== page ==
The pathophysiological role of the RAS in portal hypertension

Project Details

Portal hypertension is a life-threatening complication of liver cirrhosis and is a leading cause of morbidity and mortality, resulting from variceal bleeding. Current drugs to control variceal bleeding produce sub-optimal results. Thus, there is a major need to develop and formulate therapies that could reduce the widening of portal blood vessels with a reduction in portal blood flow. Therefore, this project aims to achieve a greater understanding of portal hypertension associated with both cirrhotic as well as non-cirrhotic patients, and to develop new therapies for their treatment or prevention.

The development of portal hypertension and many of the complications of cirrhosis results from two major pathophysiological changes. The first is an increase in intrahepatic sinusoidal resistance due to both fixed obstruction of intrahepatic portal flow and active vasoconstriction of the sinusoidal bed. We have shown that the level of angiotensin II, a major vasoconstrictive peptide of the renin angiotensin system (RAS), is markedly increased in the circulation and the liver of cirrhotic patients and animal models of liver disease. We have also shown that the increased hepatic sinusoidal tone in response to angiotensin II administration was in fact greater in cirrhosis. Ang II therefore impairs hepatic perfusion and contributes to portal hypertension by increasing sinusoidal resistance. In contrast, we found that angiotensin-(1-7) peptide opposes these effects by reducing vasoconstriction in response to angiotensin II and other intrahepatic vasoconstrictors. The second and equally important contributor is increased blood flow into the mesenteric vascular bed resulting from mesenteric vasodilatation. In response to this vasodilatation, the systemic RAS is activated and angiotensin II levels are further increased in an attempt to maintain systemic blood pressure and renal perfusion. The mechanisms responsible for these complex changes are incompletely understood. To establish the role of angiotensin peptides in portal hypertension and to develop therapeutic strategies, we conduct highly original research using angiotensin peptides and their receptor blockers in cirrhotic animals administered with coloured microspheres. These treatment strategies will be expected to reduce splanchnic vasodilatation, thus improving the portal pressure in cirrhosis. In parallel, we use angiotensin peptides to directly study vascular response such as the changes in forearm blood flow in cirrhotic patients.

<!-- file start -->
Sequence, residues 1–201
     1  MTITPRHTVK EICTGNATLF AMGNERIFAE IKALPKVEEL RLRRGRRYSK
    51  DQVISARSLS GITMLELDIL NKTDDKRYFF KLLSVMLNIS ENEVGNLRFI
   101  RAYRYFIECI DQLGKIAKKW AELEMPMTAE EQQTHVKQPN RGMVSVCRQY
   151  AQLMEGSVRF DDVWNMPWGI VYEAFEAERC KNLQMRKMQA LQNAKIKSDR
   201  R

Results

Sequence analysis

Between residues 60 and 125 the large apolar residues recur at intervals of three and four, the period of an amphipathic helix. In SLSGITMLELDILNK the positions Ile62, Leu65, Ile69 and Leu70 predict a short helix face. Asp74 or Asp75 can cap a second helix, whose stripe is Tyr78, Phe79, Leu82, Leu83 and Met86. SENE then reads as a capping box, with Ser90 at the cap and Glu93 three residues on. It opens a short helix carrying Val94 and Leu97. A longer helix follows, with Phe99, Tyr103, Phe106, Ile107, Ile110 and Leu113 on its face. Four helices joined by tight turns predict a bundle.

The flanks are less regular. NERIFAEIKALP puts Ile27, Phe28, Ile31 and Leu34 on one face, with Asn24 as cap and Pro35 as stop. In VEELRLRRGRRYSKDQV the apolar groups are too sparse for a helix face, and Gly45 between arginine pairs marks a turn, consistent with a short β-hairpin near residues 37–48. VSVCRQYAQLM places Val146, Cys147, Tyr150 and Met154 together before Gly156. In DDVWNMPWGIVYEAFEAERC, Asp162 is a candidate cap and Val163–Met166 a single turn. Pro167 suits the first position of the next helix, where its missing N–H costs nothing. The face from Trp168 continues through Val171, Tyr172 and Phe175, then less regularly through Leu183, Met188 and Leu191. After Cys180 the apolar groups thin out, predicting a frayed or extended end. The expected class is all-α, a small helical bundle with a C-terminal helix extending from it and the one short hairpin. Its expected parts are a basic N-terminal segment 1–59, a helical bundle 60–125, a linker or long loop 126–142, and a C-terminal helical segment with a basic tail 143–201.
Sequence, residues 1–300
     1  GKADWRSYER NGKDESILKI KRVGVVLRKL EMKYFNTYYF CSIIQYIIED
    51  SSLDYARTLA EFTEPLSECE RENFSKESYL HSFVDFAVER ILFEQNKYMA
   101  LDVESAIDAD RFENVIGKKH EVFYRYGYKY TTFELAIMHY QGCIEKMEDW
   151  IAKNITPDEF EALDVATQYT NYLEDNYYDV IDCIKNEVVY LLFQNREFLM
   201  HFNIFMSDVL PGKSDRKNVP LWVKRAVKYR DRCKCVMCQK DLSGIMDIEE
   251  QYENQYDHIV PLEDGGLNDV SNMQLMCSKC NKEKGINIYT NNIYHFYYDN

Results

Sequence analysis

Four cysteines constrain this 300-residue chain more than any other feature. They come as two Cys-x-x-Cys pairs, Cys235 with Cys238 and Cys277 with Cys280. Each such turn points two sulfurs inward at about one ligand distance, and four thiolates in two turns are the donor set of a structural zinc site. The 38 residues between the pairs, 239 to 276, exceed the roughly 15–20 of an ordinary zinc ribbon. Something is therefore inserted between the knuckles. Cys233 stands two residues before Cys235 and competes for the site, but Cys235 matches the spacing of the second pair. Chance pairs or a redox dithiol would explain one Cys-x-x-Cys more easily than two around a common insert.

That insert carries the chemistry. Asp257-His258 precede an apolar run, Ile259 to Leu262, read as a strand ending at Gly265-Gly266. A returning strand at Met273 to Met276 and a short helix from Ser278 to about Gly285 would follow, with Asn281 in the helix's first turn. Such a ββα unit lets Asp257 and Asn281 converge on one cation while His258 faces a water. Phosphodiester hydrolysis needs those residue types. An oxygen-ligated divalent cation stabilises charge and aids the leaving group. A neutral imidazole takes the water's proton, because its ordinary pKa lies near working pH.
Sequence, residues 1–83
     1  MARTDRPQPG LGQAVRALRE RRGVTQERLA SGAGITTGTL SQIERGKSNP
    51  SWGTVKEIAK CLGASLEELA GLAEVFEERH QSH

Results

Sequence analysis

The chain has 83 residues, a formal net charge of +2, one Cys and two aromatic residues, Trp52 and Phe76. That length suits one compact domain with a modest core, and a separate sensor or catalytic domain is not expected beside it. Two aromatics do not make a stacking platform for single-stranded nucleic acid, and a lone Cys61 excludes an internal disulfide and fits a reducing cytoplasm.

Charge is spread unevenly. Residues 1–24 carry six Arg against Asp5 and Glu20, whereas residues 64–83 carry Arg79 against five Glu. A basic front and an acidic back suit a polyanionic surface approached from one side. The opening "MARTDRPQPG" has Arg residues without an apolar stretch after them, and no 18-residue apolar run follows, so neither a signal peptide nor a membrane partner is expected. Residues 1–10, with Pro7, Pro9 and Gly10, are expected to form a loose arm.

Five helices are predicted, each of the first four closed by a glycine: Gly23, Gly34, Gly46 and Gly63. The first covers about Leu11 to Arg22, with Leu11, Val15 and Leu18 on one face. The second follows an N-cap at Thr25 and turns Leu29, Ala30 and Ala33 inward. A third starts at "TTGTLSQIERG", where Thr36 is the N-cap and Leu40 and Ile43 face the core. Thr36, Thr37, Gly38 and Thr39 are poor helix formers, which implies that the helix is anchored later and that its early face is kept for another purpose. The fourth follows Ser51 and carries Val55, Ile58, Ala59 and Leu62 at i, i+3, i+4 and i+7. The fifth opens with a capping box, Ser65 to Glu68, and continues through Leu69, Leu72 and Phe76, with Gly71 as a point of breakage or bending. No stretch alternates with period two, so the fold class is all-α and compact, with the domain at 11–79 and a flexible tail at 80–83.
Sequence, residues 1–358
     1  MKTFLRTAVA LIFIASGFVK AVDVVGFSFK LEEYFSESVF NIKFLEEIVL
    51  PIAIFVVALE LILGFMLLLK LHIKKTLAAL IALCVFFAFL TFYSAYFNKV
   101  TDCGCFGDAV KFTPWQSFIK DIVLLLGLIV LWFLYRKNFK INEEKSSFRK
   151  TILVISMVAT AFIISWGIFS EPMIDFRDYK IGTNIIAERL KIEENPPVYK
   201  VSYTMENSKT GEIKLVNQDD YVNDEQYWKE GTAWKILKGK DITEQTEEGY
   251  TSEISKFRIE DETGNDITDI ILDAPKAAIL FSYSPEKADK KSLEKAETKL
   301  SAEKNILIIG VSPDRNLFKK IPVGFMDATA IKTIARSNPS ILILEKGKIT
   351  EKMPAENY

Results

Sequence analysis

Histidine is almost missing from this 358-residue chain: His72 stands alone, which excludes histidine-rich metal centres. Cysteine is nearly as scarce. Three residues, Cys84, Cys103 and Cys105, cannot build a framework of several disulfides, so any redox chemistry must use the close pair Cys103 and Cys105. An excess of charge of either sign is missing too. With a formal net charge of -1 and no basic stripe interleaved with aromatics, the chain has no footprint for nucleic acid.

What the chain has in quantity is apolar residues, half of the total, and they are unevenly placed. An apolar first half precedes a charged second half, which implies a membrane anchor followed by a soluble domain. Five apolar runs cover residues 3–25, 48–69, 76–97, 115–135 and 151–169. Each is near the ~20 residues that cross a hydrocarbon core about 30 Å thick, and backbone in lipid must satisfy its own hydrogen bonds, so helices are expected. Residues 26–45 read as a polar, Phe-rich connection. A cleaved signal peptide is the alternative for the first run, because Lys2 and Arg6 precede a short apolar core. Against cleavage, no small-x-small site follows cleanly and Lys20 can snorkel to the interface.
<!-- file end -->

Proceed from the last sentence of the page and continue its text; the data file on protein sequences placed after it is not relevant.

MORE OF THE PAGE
• Professor Jonel Trebicka, Department of Internal Medicine, University of Bonn, Germany
  • Dr Anthony Zulli, College of Health and Biomedicine, Victoria University
  • Dr Harinda Rajapaksha, LaTrobe University


  • NHMRC project grant: Novel therapies targeting the alternate renin angiotensin system in chronic liver disease (2017-2021).

Research Publications